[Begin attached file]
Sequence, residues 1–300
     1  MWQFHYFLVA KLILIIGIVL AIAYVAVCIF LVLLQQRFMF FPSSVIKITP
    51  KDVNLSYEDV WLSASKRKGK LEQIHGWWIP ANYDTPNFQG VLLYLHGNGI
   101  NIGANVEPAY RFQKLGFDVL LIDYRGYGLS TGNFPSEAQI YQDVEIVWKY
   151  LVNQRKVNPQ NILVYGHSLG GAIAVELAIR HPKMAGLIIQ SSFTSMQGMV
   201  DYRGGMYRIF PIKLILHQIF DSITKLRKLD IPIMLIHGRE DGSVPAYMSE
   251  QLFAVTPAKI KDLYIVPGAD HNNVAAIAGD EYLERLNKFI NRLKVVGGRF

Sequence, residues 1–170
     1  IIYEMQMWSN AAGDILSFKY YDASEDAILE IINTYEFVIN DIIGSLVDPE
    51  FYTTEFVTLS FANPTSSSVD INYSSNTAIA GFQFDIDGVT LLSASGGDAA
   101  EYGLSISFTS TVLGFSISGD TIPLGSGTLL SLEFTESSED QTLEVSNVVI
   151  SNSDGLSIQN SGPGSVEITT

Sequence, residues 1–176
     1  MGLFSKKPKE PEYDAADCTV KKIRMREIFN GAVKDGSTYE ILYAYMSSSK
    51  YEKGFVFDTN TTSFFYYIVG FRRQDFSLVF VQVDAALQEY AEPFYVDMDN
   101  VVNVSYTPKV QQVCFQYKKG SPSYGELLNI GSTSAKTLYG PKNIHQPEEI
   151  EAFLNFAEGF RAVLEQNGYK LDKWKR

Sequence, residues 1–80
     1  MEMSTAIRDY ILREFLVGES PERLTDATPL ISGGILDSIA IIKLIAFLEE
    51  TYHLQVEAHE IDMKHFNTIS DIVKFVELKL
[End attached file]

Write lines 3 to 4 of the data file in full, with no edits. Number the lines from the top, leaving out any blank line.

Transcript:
    51  KDVNLSYEDV WLSASKRKGK LEQIHGWWIP ANYDTPNFQG VLLYLHGNGI
   101  NIGANVEPAY RFQKLGFDVL LIDYRGYGLS TGNFPSEAQI YQDVEIVWKY